The Wall Street Journal looks in at the nuclear doings on the Arabian Peninsula. We’ve looked at this before, but a lot has happened in a relatively short time:
Dozens of American engineers, lawyers and businessmen have converged on Abu Dhabi in recent months to help the United Arab Emirates get the Arab world's first nuclear-power program running by 2017.
Why so many Americans? The answer may surprise you:
Even as the U.S. remains determined to block Iran from developing nuclear weapons, President Barack Obama sees the U.A.E. program as a "model for the world," according to a senior White House official, and by mid-April could move to present a bilateral nuclear-cooperation treaty to Congress for approval.
This is the so-called 123 agreement negotiated late in the Bush administration (123 refers to the section in the U.S. Atomic Energy Act of 1954 that permits trade in nuclear materials and technologies.) And while there was some doubt Obama would conclude it, it’s full steam ahead.
There are concerns, of course, including U.A.E.’s relations with Iran, especially allowing their ports to be used as way stations for dicey materials. They’ve been working to make that less problematic:
Over the past three years, U.A.E. officials say, they have shut down 40 Iranian companies operating in Dubai over either export-control violations or lack of proper licenses. In the past six months, Emirati authorities have also blocked more then 10 shipments of goods for potential military use heading to Iran through Dubai, largely from Asia.
No one – by which we mean in Congress - seems to worry much about proliferation from U.A.E or that U.A.E. might have bad intentions of its own. If you remember the hullabaloo about allowing an Abu Dhabi company to oversee American ports, this is a remarkable shift in attitude in a short time.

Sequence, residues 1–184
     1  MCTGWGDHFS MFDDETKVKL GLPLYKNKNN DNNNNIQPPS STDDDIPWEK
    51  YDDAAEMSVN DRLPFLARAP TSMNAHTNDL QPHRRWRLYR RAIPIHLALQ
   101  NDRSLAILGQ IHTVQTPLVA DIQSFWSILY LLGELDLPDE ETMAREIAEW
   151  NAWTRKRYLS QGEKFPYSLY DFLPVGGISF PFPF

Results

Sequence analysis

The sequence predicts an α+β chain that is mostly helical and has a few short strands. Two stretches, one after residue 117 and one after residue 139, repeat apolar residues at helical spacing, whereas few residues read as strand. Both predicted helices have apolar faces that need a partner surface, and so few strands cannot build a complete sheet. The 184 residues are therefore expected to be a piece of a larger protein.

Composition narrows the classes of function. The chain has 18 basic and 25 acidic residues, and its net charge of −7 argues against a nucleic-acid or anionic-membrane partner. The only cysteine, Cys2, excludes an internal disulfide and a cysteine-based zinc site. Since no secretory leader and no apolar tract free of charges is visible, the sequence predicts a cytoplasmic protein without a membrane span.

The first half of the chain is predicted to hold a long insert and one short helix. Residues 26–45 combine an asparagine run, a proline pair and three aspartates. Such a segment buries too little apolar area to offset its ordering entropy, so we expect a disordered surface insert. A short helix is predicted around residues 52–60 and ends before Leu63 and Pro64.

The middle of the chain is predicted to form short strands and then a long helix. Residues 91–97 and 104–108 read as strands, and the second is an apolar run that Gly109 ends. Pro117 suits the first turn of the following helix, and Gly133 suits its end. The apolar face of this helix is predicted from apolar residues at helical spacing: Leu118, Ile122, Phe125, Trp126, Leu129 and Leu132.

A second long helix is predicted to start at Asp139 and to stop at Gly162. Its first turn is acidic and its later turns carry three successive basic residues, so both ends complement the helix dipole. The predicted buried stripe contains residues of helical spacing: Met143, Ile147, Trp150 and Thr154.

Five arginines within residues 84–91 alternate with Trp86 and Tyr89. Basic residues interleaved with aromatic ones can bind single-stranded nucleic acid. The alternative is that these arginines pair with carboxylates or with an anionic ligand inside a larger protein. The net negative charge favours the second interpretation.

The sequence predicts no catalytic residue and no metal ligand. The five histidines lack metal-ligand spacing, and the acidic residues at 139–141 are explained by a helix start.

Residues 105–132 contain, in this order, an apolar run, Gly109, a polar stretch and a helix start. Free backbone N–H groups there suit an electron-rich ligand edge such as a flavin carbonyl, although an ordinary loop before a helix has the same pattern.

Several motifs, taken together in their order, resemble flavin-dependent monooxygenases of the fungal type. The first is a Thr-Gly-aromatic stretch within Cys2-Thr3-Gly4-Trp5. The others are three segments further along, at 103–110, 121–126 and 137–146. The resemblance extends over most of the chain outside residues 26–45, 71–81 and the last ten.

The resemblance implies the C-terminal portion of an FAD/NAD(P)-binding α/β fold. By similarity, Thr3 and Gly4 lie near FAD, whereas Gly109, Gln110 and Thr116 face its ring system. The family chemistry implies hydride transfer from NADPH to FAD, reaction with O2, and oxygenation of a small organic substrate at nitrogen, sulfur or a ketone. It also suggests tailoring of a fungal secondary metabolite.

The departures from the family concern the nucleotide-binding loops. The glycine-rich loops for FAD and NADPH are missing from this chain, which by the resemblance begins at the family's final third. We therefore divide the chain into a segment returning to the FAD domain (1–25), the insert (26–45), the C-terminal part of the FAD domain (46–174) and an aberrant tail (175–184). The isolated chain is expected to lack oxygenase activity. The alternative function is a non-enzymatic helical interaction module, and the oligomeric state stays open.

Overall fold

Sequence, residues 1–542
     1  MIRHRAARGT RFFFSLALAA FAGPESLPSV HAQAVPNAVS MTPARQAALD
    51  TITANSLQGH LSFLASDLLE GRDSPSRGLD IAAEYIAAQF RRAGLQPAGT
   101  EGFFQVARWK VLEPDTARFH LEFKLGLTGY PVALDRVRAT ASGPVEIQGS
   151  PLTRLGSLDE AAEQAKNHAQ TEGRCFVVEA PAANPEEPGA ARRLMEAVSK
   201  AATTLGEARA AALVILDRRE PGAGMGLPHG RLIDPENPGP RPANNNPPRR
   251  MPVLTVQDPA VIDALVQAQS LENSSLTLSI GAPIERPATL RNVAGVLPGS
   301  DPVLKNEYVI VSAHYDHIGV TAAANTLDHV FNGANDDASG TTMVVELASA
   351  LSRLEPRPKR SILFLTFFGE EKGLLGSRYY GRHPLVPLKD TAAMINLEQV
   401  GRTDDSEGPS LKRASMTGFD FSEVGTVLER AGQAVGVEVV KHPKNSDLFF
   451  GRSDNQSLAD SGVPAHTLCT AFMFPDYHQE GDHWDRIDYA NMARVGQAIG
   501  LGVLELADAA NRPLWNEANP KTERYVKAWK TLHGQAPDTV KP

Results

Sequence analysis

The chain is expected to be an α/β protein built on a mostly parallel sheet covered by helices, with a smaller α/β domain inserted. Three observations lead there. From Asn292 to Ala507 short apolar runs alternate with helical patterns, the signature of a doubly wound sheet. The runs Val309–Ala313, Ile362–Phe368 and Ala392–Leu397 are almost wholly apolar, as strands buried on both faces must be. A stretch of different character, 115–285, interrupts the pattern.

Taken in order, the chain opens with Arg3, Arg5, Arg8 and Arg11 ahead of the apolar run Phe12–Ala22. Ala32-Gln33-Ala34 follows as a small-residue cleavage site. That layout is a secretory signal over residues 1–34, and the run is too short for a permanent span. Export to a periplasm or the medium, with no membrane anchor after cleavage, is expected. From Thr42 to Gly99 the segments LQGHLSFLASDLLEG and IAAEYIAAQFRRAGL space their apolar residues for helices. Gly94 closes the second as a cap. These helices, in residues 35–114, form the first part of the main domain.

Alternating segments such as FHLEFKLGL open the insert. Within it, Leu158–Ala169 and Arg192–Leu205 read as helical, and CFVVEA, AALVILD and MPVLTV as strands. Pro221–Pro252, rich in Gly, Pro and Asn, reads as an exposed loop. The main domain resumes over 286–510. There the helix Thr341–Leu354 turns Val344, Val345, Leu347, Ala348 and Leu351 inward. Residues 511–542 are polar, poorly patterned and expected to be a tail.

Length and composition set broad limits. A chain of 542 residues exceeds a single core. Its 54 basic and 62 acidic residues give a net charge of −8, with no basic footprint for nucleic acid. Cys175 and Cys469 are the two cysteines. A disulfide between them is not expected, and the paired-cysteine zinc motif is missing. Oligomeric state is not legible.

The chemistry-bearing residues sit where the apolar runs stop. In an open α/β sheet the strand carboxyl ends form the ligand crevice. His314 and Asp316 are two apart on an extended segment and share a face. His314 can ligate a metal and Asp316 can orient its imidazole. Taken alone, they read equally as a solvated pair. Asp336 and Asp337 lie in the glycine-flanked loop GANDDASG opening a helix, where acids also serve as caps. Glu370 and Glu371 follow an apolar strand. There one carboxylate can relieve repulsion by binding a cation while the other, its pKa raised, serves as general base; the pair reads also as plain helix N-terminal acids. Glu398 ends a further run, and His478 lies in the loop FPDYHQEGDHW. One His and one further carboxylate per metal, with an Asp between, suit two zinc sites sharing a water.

The country is working with International Atomic Energy Agency, is a signatory to the non-proliferation agreements, and has picked up partnerships with the big global players – Russia, France, Great Britain and China.
The United States can contribute technical assistance but needs the 123 agreement to propose building a plant or two there. (Once Obama submits the treaty to Congress, they can vote it down or ignore it. If the latter, it takes 90 days for it to achieve the force of law.)
The U.A.E. is seven states - Abu Dhabi, Ajman, Dubai, Fujairah, Ras al-Khaimah, Sharjah and Umm al-Quwain – although Abu Dhabi, the capital, and Dubai, the major port, are the ones that generate all the news. Six of the seven cluster in the northern quandrant of the country, with Abu Dhabi taking the rest of the land mass. The population is about 4.2 million people.
This is the Burj Al Arab Hotel. We guess it’s a sign of the wealth in U.A.E. that they really go nuts over modern, even edgy architecture and splash out a lot of coin to see interesting buildings realized.
Here’s how its site describes it: “Designed to resemble a billowing sail, Burj Al Arab soars to a height of 321 metres, dominating the Dubai skyline. Illuminated at night by choreographed lighting representing water and fire – Burj Al Arab is simply individual, inspired, impressive.” We’d have to see that night show – could be impressive, could be campy.